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India May Delay Capital Infusion Into Banks as Stocks Slump

Aug. 20 (Bloomberg) -- India may delay injecting capital into state-run banks due to slumping stock prices, said Rajiv Takru, the Finance Ministry’s banking secretary.

The government, which usually infuses capital into lenders by buying their shares, doesn’t want to lose money as prices slide, Takru said in an interview yesterday in New Delhi. He had said on July 9 the government will inject as much as 140 billion rupees ($2.2 billion) by the end of September to strengthen banks’ risk buffers and bolster credit growth.

The S&P BSE Bankex Index, which tracks 13 banks, has lost 31 percent from a record on May 17 as central bank steps to support the rupee caused interbank rates to surge. The gauge gained 0.8 percent at 3:30 p.m. trading close in Mumbai, after falling 3.1 percent to its lowest intraday level since January 2012.

The capital infusion “may now not happen in September,” Takru said. The government is waiting for stock prices to stabilize before it makes a decision on the matter, he said.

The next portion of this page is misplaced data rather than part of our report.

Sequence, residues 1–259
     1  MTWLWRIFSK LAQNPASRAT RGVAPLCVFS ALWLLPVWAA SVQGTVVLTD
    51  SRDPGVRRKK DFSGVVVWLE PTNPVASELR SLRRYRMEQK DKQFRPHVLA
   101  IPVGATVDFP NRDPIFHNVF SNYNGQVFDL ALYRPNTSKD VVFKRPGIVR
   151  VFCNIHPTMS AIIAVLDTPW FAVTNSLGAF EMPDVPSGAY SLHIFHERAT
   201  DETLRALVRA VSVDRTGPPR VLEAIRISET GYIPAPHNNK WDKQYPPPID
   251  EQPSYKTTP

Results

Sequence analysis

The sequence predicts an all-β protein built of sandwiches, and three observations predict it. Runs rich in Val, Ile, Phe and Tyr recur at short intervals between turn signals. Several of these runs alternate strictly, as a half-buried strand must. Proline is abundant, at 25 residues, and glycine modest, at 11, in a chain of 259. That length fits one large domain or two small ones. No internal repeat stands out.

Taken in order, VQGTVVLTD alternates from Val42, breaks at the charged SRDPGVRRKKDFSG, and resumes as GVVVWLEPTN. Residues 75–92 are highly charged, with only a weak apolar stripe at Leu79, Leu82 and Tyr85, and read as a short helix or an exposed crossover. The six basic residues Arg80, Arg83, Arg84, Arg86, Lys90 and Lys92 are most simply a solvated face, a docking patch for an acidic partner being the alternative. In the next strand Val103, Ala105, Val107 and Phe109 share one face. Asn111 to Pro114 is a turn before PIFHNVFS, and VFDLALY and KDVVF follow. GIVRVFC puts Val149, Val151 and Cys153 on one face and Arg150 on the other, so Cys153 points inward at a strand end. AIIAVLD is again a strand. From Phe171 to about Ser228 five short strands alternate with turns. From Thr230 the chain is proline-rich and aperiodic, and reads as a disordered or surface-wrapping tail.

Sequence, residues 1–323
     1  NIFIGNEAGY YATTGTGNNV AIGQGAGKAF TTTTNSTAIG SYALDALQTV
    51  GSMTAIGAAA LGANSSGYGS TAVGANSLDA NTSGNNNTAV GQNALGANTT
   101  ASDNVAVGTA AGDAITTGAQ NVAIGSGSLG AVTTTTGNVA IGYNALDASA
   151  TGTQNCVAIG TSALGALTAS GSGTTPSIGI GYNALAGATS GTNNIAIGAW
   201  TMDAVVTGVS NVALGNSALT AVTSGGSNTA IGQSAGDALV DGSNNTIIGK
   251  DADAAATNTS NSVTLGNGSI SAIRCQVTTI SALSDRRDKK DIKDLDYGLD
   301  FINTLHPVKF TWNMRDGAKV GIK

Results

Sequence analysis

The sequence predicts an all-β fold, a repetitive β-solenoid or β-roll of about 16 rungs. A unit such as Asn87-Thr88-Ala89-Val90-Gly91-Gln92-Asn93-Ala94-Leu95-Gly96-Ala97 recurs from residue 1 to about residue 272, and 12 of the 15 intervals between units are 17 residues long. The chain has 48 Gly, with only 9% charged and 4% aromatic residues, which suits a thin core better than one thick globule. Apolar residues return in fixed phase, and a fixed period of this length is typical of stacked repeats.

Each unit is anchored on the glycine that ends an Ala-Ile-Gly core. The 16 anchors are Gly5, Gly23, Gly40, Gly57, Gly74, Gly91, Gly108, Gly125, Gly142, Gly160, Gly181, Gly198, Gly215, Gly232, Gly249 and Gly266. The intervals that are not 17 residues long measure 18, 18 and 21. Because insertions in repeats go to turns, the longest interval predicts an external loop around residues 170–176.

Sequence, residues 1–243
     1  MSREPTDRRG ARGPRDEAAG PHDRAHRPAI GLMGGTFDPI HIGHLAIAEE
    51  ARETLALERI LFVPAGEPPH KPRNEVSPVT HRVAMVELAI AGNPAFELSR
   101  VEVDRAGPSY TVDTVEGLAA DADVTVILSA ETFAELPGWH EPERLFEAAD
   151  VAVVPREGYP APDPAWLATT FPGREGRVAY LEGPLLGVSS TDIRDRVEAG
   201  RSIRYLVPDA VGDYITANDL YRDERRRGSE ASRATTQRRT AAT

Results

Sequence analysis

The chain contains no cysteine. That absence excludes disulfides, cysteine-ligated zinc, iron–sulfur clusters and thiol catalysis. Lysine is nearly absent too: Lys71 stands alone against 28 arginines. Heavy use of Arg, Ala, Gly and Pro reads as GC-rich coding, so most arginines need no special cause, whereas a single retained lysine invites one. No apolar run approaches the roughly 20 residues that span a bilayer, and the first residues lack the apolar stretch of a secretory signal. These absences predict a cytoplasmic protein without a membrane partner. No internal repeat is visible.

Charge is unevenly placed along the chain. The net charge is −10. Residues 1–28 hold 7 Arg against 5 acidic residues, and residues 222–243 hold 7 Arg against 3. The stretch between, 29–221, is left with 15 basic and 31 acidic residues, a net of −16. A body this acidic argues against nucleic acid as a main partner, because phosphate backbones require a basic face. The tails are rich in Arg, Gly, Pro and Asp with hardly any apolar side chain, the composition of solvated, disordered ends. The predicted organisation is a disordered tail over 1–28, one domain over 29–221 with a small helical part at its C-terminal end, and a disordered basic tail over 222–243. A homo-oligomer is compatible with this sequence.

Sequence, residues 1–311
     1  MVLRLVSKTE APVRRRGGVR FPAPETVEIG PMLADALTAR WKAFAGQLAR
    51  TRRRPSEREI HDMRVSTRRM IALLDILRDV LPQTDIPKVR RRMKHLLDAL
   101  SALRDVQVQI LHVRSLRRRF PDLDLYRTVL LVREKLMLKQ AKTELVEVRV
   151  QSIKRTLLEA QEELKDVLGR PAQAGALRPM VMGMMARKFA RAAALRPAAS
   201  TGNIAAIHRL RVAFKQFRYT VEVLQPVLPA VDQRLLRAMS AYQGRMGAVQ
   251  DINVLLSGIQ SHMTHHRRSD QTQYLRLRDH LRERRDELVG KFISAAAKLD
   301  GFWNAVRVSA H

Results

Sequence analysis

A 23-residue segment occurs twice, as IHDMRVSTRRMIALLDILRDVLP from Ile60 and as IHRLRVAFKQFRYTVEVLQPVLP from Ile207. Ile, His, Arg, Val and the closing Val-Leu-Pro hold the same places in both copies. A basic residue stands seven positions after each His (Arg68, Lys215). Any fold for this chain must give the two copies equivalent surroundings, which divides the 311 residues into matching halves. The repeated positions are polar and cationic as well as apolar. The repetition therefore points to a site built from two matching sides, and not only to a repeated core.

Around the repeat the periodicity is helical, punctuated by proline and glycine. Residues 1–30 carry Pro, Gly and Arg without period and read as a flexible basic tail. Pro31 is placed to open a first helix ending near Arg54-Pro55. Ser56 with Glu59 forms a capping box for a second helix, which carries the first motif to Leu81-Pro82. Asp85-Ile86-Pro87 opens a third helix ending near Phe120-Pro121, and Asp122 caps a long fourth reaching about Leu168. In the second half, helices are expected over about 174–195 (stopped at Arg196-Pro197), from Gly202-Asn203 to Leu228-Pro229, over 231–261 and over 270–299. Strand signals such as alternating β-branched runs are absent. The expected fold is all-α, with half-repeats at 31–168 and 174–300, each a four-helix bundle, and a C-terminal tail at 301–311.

The government will need to insert as much as 910 billion rupees into the banks it controls to comply with international standards known as Basel III if it wants to maintain the stakes it holds in the lenders, Reserve Bank of India Governor Duvvuri Subbarao said on Sept. 4.

The possible delay “sends out a message that the government is seeing further downside to the banking stocks,” said Vishal Narnolia, a Mumbai-based banking analyst at SMC Global Securities Ltd.

Tighter Liquidity

State Bank of India, the country’s largest by assets, rose 1.5 percent today from its lowest close since May 2009. Yes Bank Ltd. climbed 0.5 percent, paring its slide in the past three months to 54 percent.

Bank stocks have slumped as the Reserve Bank of India raised two interest rates and tightened lenders’ access to cash since mid-July, among efforts to steady the rupee, which has tumbled 16 percent against the dollar in the past three months. The currency weakened today to a record low.

India’s interbank overnight call money rate has climbed more than 4 percentage points in the past month and was at 10.4 percent today, the highest level since March 2012.

To contact the reporters on this story: Anto Antony in Mumbai at; Siddhartha Singh in New Delhi at

To contact the editor responsible for this story: Chitra Somayaji at

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